A New Face: Officer Kimberly Munley November 6, 2009Posted by Nina Rosenstand in Current Events, Ethics, Nina Rosenstand's Posts, Philosophy of Gender.
Tags: Officer Kimberly Muley; Fort Hood; Major Nidal Malik Hasan; altruism; heroism; psychological egoism
On a regular basis we discuss the concept of heroism—loosely defined as people stepping up to the plate and acting to help others in need, endangering their own lives—in my Intro to Values classes, evaluating the concept in light of Psychological and Ethical Egoism as well as the various forms of Altruism, Utilitarianism, and Deontology. And it looks as if we have a new name to add to the list of, shall we say, ordinary people who act decisively, and save lives. Whether we want to use the term “hero” of course depends on how we define it, but what an opportunity to discuss the concept, again! As the news is beginning to pour in, this is the story so far, of the police officer who shot the Fort Hood gunman four times yesterday, putting an end to his killing rampage. Yesterday we heard that she had been killed, but today we know that she survived, and will be returning home:
Here, from NewsPostOnline:
Civilian police officer Kimberley Munley was the one to put an end to this horrifying ordeal. Munley was directing traffic until she heard shots being fired. Military spokesmen. Lt. Cone said Munley and her partner responded within three minutes of the gunfire. Munley, who had been trained in active-response tactics, rushed into the building and confronted the shooter as he was turning a corner, Cone said. “It was an amazing and an aggressive performance by this police officer,” Cone said. Munley shot the gunman four times despite being wounded herself.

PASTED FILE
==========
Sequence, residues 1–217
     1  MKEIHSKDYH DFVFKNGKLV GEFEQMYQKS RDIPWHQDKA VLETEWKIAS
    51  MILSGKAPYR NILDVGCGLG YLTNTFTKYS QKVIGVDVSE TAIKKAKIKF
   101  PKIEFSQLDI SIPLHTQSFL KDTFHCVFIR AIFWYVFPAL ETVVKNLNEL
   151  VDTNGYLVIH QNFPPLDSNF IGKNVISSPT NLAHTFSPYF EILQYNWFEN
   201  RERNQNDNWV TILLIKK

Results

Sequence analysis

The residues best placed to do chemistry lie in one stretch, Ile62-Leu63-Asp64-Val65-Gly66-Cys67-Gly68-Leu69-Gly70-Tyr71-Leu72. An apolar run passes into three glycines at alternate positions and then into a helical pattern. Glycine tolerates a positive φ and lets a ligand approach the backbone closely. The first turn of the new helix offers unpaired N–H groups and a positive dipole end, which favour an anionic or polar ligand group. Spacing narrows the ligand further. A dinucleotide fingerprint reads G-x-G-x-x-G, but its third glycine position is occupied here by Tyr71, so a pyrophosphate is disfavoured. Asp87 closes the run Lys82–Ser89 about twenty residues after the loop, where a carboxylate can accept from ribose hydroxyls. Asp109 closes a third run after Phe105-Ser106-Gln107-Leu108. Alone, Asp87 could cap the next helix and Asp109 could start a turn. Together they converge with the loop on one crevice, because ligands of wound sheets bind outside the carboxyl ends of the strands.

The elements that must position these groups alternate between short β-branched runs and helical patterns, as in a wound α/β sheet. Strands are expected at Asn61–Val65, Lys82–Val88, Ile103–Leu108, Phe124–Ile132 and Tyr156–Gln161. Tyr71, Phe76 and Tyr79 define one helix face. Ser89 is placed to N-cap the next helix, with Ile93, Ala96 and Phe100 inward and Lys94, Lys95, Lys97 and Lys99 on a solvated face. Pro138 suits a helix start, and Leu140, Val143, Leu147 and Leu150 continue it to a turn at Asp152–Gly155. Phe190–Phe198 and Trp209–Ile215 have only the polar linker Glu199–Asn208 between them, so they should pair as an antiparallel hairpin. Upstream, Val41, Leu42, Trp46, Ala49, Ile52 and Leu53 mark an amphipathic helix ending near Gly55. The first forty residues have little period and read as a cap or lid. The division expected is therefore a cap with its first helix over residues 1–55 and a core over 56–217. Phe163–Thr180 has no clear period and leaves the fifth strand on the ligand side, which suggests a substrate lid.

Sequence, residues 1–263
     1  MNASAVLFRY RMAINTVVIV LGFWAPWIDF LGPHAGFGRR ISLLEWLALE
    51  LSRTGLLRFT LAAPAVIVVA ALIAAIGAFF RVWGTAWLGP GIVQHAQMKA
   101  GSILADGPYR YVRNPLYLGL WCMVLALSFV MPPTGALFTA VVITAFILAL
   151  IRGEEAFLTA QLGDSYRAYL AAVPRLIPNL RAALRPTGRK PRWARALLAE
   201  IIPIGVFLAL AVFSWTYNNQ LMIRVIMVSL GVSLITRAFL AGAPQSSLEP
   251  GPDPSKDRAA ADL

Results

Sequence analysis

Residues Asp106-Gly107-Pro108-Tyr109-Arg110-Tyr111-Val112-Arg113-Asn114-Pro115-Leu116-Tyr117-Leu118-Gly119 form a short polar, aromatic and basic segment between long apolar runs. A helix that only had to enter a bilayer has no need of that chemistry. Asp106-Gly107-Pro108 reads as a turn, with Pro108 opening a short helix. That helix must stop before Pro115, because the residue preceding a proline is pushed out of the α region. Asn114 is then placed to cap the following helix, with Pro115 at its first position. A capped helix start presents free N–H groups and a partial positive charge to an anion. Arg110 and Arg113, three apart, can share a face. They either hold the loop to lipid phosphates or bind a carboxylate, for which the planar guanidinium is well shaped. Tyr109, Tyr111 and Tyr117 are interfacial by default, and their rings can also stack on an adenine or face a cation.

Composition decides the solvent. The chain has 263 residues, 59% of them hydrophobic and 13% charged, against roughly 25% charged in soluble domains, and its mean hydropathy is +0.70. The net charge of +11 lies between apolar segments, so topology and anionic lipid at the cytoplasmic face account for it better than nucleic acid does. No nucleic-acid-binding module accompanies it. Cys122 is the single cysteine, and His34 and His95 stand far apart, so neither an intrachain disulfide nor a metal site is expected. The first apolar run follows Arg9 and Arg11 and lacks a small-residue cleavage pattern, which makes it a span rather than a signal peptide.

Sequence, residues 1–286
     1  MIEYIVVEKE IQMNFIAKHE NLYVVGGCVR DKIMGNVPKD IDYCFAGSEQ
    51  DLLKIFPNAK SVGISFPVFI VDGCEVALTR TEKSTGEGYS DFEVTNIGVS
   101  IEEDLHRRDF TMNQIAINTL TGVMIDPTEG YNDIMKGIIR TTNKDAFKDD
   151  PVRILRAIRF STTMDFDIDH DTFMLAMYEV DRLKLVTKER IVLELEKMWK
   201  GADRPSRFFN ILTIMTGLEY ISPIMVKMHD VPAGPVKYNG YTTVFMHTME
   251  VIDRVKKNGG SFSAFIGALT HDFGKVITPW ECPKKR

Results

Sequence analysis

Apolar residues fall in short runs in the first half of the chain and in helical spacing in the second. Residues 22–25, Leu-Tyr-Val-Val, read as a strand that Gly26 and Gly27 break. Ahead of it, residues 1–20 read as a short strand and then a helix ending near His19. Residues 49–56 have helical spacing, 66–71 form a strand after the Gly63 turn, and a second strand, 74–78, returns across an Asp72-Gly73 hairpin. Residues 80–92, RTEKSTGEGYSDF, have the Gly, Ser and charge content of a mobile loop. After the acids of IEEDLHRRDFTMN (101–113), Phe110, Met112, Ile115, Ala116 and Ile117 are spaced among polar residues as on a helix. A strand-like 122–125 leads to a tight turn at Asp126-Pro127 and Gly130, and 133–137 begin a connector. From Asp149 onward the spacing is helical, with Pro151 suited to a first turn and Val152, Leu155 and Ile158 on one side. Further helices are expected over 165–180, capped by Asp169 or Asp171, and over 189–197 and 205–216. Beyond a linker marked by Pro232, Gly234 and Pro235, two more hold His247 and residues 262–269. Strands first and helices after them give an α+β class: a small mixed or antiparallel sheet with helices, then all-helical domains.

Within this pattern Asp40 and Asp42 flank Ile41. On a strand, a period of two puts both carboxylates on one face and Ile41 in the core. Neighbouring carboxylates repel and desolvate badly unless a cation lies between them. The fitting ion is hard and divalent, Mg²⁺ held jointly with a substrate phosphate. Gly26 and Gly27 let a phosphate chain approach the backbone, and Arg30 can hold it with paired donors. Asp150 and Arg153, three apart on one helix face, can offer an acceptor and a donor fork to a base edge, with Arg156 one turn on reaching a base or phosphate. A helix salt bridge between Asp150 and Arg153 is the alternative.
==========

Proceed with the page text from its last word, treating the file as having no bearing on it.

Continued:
And from The Guardian:
Munley was only a few feet from army psychiatrist Major Nidal Malik Hasan when she opened fire.
Munley was reported to be in a stable condition at a local hospital.
She was well enough to spend last night phoning fellow officers to find out about casualties in the attack, the New York Daily News reported.
Cone said Munley’s aggressive response training taught her that “if you act aggressively to take out a shooter you will have less fatalities”.
“She walked up and engaged him,” he said. He praised her as “one of our most impressive young police officers”.
Some might say that it is significant, perhaps a sign of a new era, that it was a fast-acting civilian female police officer who saved the lives of military men. But as was pointed out yesterday, those military men under fire did not have access to weapons, being on-base. And Officer Munley will probably say that for her it was simply a matter of doing what she’s been trained to do. The story may change as it unfolds, and more facts may be added. But right now it looks as if a dreadful situation could have turned even more deadly, had it not been for Officer Munley and her partner. So is Officer Munley a hero? Let’s say we need to understand the situation a little better before we use the H-word. But did she do something heroic? It certainly looks that way.